How does a 2px orbital differ from a 2py orbital?
An atomic orbital is a mathematical function that describes the wave-like behavior of either one electron or a pair of electrons in an atom. This function can be used to calculate the probability of finding any electron of an atom in any specific region around the atom's nucleus. The term may also refer to the physical region or space where the electron can be calculated to be present, as defined by the particular mathematical form of the orbital.
Each orbital in an atom is characterized by a unique set of values of the three quantum numbers n, ℓ, and m, which correspond to the electron's energy, angular momentum, and an angular momentum vector component. Any orbital can be occupied by a maximum of two electrons, each with its own spin quantum number. The simple names s orbital, p orbital, d orbital and f orbital refer to orbitals with angular momentum quantum number ℓ = 0, 1, 2 and 3 respectively. These names, together with the value of n, are used to describe the electron configurations.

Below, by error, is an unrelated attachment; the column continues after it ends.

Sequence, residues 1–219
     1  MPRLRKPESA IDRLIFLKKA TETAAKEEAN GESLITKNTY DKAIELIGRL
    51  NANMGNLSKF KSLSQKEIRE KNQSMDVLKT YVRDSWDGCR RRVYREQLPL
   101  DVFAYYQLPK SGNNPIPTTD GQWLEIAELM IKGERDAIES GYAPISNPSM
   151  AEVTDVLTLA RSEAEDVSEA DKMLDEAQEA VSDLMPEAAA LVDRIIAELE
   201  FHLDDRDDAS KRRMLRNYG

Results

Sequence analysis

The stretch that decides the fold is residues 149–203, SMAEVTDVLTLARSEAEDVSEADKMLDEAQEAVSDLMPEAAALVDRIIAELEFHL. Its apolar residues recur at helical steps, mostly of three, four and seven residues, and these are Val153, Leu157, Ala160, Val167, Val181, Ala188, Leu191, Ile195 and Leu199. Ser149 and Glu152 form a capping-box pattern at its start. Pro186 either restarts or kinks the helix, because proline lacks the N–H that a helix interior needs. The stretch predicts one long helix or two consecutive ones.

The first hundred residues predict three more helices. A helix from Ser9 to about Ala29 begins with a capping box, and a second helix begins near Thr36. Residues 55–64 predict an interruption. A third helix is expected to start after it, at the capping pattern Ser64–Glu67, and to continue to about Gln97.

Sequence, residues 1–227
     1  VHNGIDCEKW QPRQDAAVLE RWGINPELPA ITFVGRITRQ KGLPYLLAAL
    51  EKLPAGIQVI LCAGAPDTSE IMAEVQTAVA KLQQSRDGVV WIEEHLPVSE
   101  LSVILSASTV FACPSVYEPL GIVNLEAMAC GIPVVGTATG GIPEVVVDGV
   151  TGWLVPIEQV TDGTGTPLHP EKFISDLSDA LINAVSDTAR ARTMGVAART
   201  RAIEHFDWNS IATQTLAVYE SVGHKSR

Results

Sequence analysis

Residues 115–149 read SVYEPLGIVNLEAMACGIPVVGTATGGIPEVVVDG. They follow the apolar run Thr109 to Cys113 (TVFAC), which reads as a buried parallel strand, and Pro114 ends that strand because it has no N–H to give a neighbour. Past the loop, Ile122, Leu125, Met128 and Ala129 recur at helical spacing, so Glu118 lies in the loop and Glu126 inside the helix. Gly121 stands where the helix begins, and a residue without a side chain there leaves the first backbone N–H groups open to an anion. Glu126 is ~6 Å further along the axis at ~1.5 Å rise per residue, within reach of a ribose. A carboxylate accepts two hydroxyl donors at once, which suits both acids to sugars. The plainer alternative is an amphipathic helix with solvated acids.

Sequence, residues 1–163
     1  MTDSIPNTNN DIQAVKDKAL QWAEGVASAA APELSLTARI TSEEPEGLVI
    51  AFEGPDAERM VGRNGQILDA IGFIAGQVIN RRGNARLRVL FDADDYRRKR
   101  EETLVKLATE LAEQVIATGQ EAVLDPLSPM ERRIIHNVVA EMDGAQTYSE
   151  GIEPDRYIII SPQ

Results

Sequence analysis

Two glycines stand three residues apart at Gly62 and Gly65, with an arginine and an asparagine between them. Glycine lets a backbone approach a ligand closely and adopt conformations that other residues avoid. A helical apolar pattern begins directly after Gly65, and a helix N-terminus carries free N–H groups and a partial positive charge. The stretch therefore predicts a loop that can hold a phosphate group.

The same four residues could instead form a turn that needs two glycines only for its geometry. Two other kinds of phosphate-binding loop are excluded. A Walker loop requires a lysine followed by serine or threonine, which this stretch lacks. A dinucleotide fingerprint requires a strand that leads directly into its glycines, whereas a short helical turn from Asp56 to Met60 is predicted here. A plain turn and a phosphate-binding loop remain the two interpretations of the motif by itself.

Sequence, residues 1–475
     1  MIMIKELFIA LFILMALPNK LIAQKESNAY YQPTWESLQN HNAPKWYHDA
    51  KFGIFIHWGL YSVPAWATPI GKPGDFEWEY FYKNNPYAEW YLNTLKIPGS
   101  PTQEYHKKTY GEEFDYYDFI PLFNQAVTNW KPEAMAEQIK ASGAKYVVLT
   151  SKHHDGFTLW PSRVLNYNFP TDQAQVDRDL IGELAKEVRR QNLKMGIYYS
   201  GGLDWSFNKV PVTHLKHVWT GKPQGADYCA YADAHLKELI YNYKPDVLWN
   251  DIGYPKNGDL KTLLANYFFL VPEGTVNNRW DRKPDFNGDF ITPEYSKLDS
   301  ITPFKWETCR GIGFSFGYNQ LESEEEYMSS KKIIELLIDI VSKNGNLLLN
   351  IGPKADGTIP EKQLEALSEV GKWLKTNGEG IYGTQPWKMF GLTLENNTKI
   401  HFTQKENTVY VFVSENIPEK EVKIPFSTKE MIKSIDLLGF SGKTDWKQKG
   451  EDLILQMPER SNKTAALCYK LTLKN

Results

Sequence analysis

They are derived from the description by early spectroscopists of certain series of alkali metal spectroscopic lines as sharp, principal, diffuse, and fundamental.
At any given moment, an electron can be found at any distance from the nucleus and in any direction according to the Heisenberg Uncertainty Principle. The p orbital is a dumbbell-shaped region describing where an electron can be found, within a certain degree of probability. The shape of the orbital depends on the quantum numbers associated with an energy state.
All p orbitals have l = 1, with three possible values for m (-1, 0, +1). The wave function is complex when m = 1 or m = -1.